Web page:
“If you’re 39 and you get chemo that’s toxic to the ovaries, it’s most likely to make you menopausal. But, if you’re 29, your ovaries may recover because they have a higher baseline supply,” Dr. Knopman continued.
Radiation to the pelvis can also destroy eggs. It can damage the uterus, too. Surgery to your ovaries or uterus can hurt fertility as well.
Meanwhile, endocrine or hormone therapy may block or suppress essential fertility hormones and may prevent a woman from getting pregnant. This infertility may be temporary or permanent, depending on the type and length of treatment.
If you have a treatment that includes infertility as a possible side effect, your doctor won’t be able to tell you whether you will have this side effect. That’s why you should discuss your options for fertility preservation before starting treatment.
Research shows that women who have fertility preserved before breast cancer treatment are more than twice as likely to give birth after treatment than those who don’t take fertility-preserving measures.
Most women preserve their fertility before cancer treatment by freezing their eggs or embryos.
After you finish your cancer treatment, a doctor specializing in reproductive medicine can implant one or more embryos in your uterus or the uterus of a surrogate with the hope that it will result in pregnancy.
If you freeze eggs only before treatment, a fertility specialist can use sperm and eggs to create embryos in vitro and transfer them to your uterus.
When freezing eggs or embryos is not an option, doctors may try these approaches:
- Ovarian tissue freezing is an experimental approach for girls who haven’t yet reached puberty and don’t have mature eggs or for women who must begin treatment immediately and don’t have time to harvest eggs.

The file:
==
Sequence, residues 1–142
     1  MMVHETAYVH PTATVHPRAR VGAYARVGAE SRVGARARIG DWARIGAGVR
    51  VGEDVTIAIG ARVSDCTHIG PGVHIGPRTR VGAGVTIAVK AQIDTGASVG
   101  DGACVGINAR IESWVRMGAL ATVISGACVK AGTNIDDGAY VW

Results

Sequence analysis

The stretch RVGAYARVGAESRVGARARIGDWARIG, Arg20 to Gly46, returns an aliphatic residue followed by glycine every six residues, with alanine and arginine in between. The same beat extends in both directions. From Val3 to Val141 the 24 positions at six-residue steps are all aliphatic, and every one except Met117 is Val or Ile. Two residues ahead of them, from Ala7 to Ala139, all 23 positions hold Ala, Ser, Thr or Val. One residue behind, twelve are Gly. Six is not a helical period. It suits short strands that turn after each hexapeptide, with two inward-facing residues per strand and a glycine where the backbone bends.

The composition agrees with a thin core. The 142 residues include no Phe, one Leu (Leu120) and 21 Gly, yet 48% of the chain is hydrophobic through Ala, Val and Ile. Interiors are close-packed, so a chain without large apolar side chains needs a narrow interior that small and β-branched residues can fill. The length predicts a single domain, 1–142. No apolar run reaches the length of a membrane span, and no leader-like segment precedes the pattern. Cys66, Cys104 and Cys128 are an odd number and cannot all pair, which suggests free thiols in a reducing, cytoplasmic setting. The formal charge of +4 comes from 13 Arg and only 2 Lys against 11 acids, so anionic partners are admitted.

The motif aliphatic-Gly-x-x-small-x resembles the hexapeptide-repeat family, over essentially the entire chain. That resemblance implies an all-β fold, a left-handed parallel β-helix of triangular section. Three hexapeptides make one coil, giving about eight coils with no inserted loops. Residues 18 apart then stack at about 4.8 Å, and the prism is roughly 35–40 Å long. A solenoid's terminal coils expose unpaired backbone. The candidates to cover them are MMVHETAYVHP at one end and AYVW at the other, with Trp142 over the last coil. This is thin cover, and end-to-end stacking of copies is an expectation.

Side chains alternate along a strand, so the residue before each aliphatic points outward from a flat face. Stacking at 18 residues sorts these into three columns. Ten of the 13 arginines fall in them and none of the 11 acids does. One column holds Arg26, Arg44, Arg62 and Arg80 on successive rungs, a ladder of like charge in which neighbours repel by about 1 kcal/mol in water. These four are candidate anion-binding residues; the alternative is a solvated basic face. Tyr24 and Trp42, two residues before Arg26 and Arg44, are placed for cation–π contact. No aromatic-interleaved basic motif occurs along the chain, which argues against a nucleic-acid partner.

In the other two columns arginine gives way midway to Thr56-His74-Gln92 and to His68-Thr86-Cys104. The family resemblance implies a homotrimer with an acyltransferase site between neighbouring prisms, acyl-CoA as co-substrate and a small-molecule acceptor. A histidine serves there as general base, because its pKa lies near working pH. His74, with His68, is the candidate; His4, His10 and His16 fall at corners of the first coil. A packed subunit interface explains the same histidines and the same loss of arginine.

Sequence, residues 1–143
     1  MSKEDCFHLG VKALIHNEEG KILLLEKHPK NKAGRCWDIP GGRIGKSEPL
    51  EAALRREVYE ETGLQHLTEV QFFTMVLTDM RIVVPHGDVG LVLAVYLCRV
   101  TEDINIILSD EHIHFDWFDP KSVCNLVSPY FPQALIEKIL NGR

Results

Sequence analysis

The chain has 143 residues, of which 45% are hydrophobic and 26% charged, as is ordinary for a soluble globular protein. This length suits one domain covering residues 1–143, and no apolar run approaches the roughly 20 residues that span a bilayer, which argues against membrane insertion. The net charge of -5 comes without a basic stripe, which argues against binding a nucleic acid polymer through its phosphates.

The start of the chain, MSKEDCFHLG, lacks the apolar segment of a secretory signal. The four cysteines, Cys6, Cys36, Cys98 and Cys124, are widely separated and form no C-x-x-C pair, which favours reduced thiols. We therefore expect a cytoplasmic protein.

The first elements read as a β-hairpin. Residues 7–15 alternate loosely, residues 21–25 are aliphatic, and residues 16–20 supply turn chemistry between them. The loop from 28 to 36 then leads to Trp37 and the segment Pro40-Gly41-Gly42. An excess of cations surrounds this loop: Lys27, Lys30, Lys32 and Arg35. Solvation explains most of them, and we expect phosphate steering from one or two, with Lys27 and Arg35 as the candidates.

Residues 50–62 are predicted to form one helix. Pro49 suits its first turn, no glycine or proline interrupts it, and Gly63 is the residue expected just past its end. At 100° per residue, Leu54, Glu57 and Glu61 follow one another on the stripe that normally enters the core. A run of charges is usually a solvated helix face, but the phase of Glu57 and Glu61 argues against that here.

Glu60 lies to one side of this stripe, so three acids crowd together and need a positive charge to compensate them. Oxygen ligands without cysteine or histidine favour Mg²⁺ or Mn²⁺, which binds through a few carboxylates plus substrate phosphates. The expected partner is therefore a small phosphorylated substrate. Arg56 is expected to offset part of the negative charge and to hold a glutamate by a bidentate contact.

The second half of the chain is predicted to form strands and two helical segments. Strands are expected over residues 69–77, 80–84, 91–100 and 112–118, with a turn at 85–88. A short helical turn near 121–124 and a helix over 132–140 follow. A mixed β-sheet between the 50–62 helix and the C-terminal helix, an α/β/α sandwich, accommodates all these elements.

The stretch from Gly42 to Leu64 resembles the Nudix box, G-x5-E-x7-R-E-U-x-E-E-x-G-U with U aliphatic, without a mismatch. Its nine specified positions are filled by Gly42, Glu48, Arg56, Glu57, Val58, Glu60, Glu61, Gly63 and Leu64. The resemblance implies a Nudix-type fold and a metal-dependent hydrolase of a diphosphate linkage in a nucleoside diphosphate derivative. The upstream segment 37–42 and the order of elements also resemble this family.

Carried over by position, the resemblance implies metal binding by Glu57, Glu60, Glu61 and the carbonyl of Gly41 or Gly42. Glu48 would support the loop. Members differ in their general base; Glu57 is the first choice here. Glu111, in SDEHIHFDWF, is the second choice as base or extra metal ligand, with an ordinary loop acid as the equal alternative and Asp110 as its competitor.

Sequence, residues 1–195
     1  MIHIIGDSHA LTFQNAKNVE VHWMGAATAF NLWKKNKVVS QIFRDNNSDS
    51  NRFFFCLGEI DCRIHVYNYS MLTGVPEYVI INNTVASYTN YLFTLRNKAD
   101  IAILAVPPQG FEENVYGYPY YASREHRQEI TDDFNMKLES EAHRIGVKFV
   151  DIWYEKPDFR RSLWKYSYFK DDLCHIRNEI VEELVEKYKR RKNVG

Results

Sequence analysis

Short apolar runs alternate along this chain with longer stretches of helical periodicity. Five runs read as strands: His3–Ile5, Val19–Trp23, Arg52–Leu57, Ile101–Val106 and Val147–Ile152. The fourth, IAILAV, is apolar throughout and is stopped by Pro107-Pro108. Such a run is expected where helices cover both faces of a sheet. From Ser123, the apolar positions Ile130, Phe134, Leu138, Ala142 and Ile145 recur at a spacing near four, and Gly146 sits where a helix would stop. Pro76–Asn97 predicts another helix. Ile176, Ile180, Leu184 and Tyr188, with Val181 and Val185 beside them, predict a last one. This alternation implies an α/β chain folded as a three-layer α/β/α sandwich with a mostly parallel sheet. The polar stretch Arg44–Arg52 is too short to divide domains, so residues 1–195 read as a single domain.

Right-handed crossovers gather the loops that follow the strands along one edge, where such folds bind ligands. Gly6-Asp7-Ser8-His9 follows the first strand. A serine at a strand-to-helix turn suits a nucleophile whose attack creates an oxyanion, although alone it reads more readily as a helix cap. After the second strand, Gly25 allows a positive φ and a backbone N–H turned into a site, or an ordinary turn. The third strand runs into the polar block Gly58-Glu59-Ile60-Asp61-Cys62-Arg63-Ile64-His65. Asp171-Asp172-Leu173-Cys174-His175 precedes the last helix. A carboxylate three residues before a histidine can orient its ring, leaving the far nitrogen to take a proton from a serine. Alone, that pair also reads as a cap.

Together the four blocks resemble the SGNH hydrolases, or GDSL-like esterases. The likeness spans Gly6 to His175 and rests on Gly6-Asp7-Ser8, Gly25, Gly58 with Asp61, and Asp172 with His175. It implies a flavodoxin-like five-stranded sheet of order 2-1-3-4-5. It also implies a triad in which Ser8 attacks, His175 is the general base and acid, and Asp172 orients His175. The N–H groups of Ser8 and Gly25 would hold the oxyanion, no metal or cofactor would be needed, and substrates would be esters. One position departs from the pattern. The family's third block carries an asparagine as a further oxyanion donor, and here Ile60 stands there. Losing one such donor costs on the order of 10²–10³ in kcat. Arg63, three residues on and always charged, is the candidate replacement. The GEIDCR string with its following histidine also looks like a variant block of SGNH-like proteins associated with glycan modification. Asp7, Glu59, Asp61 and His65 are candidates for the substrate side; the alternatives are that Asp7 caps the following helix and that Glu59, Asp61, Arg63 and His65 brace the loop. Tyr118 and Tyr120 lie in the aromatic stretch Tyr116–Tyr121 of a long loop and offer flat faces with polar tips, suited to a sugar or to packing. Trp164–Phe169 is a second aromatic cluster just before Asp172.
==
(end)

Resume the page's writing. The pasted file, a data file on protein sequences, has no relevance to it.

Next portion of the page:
- Ovarian suppression prevents the eggs from maturing so they cannot be damaged during treatment.
- For women getting radiation to the pelvis, Ovarian transposition moves the ovaries out of the line of treatment.
In addition to preserving eggs or embryos, positive research has shown that women with early-stage hormone-receptor (HR) positive breast cancer were able to safely pause endocrine therapy (ET) to try to get pregnant, and they did not have worse short-term recurrence rates than people who did not stop endocrine therapy.
Questions for Your Doctor
If you’re wondering how your cancer treatment may affect your fertility and what options are available to you, consider asking your doctor these questions, according to the National Cancer Institute:
- Could my treatment lead to infertility?
- Are there other recommended cancer treatments that might not cause fertility problems?
- Which fertility preservation options would you advise for me?
- What fertility preservation options are available at this hospital? At a fertility clinic?
- Would you recommend a fertility specialist (such as a reproductive endocrinologist) I could talk with to learn more?
- What are the chances that my fertility will return after treatment?